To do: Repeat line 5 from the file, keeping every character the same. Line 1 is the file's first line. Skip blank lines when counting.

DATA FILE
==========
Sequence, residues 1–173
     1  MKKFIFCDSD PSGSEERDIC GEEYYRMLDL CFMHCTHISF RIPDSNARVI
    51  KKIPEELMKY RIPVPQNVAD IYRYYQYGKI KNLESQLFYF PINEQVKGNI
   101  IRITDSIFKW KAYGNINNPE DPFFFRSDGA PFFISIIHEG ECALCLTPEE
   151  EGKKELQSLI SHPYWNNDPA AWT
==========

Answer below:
   151  EGKKELQSLI SHPYWNNDPA AWT